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Preparing to Die

Practical Advice and Spiritual Wisdom from the Tibetan Buddhist Tradition
Narrated by: Karen White, Neil Shah
Length: 13 hrs and 48 mins
4.5 out of 5 stars (2 ratings)
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Publisher's Summary

We all face death, but how many of us are actually ready for it? Whether our own death or that of a loved one comes first, how prepared are we, spiritually or practically? In Preparing to Die, Andrew Holecek presents a wide array of resources to help the reader address this unfinished business. Part One shows how to prepare one’s mind and how to help others, before, during, and after death. The author explains how spiritual preparation for death can completely transform our relationship to the end of life, dissolving our fear and helping us to feel open and receptive to letting go in the dying process. Daily meditation practices, the stages of dying and how to work with them, and after-death experiences are all detailed in ways that will be particularly helpful for those with an interest in Tibetan Buddhism and in Tibetan approaches to conscious dying.

Part Two addresses the practical issues that surround death. Experts in grief, hospice, the funeral business, and the medical and legal issues of death contribute chapters to prepare the listener for every practical concern, including advance directives, green funerals, the signs of death, warnings about the funeral industry, the stages of grief, and practical care for the dying.

Part Three contains heart-advice from twenty of the best-known Tibetan Buddhist masters now teaching in the West. These brief interviews provide words of solace and wisdom to guide the dying and their caregivers during this challenging time. Preparing to Die is for anyone interested in learning how to prepare for death from a Buddhist perspective, both spiritually and practically. It is also for those who want to learn how to help someone else who is dying, both during the time of illness and death as well as after death.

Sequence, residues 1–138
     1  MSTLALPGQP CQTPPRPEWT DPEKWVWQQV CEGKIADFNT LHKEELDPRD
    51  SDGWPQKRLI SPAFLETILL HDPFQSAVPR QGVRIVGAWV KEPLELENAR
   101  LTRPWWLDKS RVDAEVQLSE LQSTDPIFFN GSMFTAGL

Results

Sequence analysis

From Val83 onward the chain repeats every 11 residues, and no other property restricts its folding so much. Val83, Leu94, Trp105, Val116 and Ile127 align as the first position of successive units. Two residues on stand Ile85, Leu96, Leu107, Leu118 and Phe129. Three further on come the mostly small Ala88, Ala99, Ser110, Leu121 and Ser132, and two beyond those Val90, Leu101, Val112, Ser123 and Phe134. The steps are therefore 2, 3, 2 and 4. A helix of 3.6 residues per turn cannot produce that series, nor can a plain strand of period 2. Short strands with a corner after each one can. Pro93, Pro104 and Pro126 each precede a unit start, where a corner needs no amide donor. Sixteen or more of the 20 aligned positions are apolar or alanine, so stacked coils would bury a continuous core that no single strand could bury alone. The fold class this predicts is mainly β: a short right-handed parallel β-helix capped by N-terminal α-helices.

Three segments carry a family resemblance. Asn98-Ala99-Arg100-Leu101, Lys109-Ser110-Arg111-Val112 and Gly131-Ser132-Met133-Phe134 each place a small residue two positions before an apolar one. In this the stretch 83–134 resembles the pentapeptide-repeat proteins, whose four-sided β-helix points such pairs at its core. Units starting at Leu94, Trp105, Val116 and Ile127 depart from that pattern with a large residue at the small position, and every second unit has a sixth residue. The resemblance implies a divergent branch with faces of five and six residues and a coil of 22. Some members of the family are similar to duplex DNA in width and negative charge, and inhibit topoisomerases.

PLEASE NOTE: When you purchase this title, the accompanying reference material will be available in your My Library section along with the audio.

©2013 Andrew Holecek??Excerpts from The Tibetan Book of the Dead, translated with commentary by Francesca Fremantle and Chögyam Trungpa, 1975 by Francesca Fremantle and Chögyam Trungpa. Reprinted by arrangement with Shambhala Publications, Inc (P)2014 Audible Inc.

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  • kahali
  • 13-11-2015

Good book, badly read.

What did you like best about Preparing to Die? What did you like least?

Preparing to Die is a comprehensive and thorough book on what to do in order to die in a peaceful and meaningful manner. It has chapters on concrete practices which can be helpful for everybody, and others which are directed more specifically towards those practicing Buddhism, particularly Tibetan Buddhism of all lineages. These are further divided into what to do for oneself and for others both before, during and after the individual has died, and has suggestions from a number of Tibetan teachers as to what is most important in each circumstance. It also has discussions on a number of ethical, and legal, questions around death and dying. One caveat is that the book is written by a US citizen and the discussions around some of the legal issues may not necessarily apply in other countries.

Any additional comments?